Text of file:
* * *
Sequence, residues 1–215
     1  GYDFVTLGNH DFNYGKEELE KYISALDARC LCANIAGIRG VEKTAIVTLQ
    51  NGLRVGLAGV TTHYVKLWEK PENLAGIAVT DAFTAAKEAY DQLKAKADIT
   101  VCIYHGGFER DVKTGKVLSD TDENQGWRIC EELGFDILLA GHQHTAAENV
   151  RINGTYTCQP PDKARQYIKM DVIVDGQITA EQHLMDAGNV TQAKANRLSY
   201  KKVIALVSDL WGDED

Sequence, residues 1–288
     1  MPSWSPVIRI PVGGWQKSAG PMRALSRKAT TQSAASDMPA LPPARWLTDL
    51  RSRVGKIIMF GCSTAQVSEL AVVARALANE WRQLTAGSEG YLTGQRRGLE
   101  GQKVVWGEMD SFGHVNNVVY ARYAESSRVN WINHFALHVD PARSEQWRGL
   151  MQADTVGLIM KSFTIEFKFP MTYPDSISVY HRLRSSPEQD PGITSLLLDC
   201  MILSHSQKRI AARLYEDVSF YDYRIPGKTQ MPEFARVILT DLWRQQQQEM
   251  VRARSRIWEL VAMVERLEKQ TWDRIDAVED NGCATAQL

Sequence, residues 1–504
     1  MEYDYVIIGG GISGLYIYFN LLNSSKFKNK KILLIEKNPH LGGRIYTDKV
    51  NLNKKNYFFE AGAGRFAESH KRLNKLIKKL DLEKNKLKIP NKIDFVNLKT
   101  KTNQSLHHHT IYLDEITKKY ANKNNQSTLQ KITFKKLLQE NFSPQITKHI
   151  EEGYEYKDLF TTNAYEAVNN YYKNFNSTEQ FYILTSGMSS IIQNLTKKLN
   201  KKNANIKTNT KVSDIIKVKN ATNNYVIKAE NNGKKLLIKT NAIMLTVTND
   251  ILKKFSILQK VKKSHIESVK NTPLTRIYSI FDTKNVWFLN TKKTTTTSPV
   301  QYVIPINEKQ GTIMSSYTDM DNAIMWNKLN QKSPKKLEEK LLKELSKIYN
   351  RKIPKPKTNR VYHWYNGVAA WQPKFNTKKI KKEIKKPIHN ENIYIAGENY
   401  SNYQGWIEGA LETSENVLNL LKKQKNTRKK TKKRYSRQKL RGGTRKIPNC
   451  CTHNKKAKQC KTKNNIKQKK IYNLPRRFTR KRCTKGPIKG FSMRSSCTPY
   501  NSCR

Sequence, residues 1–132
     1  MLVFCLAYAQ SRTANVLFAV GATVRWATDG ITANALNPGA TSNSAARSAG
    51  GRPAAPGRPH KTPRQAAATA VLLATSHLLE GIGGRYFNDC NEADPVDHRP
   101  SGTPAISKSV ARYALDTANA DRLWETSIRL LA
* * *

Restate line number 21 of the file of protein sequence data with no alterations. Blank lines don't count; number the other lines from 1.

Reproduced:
   301  QYVIPINEKQ GTIMSSYTDM DNAIMWNKLN QKSPKKLEEK LLKELSKIYN